Red feathered bird with black featherless head

August 1, 2015

There’s a bird that’s been in my backyard of late.  It’s really bright red on the body — looks like a cardinal — but its head is completely black and looks featherless from what I can see — I am reminded in some ways of a very small and very red-bodied vulture.  Don’t know what to make of him, but he seems to be doing okay, finding stuff to eat on my patio, flying around with things in his mouth.

On the subject of interesting wildlife observations:  I saw a very small rabbit chasing s grackle and then later calmly munching clover while a bunch of grackles pecked nearby on the lawn.  Weeks ago I saw what I think was this same small rabbit being chased by a very frenetic chipmunk, who I think lives in the back retaining wall — I wondered if he (?) was being territorial.


3 Responses to “Red feathered bird with black featherless head”

  1. Matthew Says:

    Last week I ran over a raccoon driving home from my sister’s house. Tonight I was driving a Uhaul through the streets of Colorado Springs and I narrowly missed a raccoon couple. My wife was driving behind me and she avoided them too.

    I was thinking how, since everything in the universe is determined, whether the raccoon I hit last week had a death wish, and these 2 raccoons must not have had. Maybe that’s ascribing more to the universe than there is, but it’s an idea anyway (ie. things don’t just happen to us; we are happening to things too).

    Red and black are ominous colors; see aposematism. They’re warning colors of prey (ie. a prey animal (objectifiable, as such (appearance being one facet of objectification)), but one that would be ostensible unpleasant (costly) to prey upon). I’ve noticed a lot of black men wearing red and black (from head to toe, in many cases) these days. A lot of black women have taken to dying their hair red, which accomplishes the same feat, round about.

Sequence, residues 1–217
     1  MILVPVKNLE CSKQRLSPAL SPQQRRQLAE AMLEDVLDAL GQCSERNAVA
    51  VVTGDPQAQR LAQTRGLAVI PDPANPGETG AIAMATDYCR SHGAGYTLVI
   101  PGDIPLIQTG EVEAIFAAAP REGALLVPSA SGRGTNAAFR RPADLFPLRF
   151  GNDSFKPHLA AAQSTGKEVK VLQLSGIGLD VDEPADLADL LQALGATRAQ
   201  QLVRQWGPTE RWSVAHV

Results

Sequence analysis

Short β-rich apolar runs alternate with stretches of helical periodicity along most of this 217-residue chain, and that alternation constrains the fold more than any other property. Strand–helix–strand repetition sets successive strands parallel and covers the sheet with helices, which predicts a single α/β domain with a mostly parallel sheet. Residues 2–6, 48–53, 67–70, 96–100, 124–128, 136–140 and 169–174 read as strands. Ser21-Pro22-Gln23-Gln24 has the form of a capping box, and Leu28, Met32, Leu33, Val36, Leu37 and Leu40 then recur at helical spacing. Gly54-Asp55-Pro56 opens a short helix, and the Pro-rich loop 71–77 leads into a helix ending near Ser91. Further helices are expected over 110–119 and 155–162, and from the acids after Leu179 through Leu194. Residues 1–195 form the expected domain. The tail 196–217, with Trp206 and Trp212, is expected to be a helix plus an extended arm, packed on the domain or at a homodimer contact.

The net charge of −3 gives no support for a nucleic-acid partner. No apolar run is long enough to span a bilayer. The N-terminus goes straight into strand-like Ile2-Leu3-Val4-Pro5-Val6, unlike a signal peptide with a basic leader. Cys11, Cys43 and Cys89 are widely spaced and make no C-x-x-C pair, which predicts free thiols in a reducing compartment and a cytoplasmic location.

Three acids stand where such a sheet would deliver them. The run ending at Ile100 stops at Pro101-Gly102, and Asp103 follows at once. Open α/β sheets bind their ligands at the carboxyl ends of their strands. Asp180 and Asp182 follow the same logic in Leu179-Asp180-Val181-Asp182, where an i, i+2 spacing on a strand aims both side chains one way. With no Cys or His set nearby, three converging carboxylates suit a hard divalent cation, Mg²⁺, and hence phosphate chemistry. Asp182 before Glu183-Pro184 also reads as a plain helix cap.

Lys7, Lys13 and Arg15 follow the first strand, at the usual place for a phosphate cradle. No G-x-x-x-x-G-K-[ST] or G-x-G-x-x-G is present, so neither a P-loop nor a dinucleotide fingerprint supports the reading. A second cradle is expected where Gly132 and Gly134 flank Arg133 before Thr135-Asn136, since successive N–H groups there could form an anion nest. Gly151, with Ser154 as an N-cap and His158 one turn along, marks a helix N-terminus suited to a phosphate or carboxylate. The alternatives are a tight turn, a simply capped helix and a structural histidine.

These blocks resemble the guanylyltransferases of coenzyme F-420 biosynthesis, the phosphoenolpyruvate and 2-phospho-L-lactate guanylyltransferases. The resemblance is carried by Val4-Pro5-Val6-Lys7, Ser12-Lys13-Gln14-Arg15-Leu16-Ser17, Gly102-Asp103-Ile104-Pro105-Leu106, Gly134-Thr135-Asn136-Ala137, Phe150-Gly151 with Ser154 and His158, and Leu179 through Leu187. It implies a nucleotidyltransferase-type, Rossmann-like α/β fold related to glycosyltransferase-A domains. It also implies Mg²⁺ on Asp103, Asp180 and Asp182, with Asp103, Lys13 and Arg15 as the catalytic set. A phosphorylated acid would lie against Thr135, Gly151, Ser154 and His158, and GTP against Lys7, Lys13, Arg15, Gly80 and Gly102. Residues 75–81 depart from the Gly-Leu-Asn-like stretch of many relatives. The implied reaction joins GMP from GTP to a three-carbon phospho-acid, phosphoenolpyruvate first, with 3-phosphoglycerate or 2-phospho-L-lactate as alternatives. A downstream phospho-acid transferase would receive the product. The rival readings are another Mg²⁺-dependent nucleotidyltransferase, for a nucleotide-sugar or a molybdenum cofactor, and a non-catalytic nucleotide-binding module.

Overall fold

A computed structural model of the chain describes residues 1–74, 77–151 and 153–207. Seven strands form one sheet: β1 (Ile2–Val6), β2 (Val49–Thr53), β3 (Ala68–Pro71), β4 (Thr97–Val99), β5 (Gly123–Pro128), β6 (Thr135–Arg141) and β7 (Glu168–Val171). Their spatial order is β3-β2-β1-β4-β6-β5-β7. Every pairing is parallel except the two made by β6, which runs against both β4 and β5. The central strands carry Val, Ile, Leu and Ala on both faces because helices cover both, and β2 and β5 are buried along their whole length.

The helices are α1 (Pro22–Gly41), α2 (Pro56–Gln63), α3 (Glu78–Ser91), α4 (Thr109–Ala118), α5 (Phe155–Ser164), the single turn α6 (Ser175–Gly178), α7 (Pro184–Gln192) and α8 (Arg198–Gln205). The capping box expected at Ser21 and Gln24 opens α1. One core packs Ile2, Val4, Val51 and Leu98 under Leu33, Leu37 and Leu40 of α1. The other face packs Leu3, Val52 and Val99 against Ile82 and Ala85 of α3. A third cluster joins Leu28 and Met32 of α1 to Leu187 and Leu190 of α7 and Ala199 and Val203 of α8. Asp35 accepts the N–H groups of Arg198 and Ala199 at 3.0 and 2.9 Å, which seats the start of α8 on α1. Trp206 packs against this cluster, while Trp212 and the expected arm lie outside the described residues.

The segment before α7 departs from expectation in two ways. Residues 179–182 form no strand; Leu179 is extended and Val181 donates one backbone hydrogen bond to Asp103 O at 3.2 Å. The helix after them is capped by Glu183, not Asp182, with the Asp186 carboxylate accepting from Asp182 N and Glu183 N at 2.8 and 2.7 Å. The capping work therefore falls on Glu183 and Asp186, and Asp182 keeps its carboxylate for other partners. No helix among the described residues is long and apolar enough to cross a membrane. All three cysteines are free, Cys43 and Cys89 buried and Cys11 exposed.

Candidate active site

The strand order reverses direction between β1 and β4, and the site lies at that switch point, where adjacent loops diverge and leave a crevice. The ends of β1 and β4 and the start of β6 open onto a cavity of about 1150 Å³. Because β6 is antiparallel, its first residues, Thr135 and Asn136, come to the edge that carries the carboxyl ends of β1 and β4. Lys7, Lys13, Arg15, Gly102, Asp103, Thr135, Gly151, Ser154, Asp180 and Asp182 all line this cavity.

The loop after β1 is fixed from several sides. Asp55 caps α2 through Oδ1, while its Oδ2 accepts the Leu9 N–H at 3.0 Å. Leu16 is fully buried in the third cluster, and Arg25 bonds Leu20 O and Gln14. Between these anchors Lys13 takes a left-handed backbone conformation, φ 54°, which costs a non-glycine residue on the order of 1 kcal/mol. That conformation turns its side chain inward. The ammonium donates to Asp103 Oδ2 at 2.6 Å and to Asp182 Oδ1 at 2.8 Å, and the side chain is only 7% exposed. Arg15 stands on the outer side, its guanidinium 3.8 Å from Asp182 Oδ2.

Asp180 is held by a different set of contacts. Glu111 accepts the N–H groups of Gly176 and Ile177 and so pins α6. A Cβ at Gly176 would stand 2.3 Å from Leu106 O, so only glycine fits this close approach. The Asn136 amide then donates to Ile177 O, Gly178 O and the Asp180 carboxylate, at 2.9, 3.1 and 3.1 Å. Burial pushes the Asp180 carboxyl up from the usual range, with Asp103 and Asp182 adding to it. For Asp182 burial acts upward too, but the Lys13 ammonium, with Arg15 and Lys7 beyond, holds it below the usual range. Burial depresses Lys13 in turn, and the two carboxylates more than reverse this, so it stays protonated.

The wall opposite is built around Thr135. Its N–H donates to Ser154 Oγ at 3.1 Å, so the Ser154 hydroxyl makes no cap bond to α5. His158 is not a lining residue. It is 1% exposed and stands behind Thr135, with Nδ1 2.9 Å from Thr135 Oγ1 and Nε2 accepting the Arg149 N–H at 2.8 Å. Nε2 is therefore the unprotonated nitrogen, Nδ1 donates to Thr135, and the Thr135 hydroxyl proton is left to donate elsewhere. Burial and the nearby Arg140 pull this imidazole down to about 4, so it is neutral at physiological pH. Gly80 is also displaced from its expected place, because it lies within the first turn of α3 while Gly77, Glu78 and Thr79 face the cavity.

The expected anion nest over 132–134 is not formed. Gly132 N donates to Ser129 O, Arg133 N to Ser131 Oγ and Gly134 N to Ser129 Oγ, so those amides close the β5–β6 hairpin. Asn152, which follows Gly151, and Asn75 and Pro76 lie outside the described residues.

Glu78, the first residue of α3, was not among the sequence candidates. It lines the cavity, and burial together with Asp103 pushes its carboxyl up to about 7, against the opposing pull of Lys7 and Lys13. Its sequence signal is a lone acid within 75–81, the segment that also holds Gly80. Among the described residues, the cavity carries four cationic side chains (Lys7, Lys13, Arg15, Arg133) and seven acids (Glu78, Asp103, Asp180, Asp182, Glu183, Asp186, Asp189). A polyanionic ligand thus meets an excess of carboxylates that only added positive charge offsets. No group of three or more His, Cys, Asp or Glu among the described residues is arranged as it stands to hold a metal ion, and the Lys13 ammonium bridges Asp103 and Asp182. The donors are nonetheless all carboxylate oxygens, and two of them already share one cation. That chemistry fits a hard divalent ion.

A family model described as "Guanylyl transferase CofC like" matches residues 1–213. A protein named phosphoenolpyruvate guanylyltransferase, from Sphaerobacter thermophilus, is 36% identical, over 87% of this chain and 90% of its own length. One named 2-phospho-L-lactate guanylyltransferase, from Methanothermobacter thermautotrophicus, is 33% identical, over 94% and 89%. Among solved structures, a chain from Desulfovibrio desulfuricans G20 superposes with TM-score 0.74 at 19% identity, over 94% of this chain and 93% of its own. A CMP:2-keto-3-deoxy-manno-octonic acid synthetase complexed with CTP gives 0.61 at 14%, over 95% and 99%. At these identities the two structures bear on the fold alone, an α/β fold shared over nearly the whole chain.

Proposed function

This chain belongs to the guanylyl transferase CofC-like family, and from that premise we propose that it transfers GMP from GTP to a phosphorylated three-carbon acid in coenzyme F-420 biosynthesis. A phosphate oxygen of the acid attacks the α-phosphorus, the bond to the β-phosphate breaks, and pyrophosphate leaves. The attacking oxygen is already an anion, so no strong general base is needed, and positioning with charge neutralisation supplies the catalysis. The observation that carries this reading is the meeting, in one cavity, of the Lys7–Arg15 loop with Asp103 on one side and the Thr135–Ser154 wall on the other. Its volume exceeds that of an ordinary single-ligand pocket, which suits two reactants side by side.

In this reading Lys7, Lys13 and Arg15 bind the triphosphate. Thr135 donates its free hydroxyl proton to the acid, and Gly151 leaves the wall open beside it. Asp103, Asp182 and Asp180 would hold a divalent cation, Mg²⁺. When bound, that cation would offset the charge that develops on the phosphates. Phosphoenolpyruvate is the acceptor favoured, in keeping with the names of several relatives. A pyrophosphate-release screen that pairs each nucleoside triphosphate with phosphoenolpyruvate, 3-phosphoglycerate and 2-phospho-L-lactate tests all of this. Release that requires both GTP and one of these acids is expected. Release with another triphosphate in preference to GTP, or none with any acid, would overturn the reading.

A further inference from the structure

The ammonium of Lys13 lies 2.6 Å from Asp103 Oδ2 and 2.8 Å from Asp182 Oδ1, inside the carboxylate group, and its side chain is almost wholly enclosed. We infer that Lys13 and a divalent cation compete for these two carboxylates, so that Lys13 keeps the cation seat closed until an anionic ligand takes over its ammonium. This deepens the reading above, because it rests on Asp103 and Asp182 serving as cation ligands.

And then Michelle Obama wore what appears to have been a “black widow” dress on election night 2008. I watched the event live and I immediately grasped the visual signal and the implications, and I nearly fell out of my chair. You can consult some of the various articles from that night and you’ll see dozens of people came to the same conclusion. I can’t imagine it was a message sent by accident, and the implications are ominous indeed.

    • Diana Moses Says:

      A raccoon died beneath an ornamental cherry tree in our yard a few weeks ago or so. The animal turned out to be wedged between the tree and the fence and Jordan couldn’t get it out by himself. He didn’t want me to have to see it, so he got someone else to help him remove it. It was apparently a young raccoon, which makes one tend to wonder more about what led to its death. I am trying to think of a shared vocabulary for expressing how I can look at it: manifestation of an energy stream playing out? Such an energy stream may be old, may have played out with other details in past iterations, we in the present get included in it as if we had stepped into a rain shower together.

      Black and red remind me of sports team colors — I thought that was one way they became a popular way to dress. While Michelle Obama’s clothing choices may have symbolic significance, I dislike the attitude and animus most of the critiques of her clothing seem to have, so I am hesitant to join in the discussion — I sense an agenda I probably don’t want to contribute to.

      • Matthew Says:

        “Some are born to sweet delight, some are born to endless night”…

        Regarding Michelle Obama’s dress, if you read the comments you will notice the reaction to the symbolism is largely apolitical. Many administration supporters expressed concern; I’m thinking of the comments on the Huffington Post, the New York Times, and the LA Times, all decidedly Democrat-friendly.

        Fashion is not the point. It’s addressing the significance of the “black widow” design and its implications.

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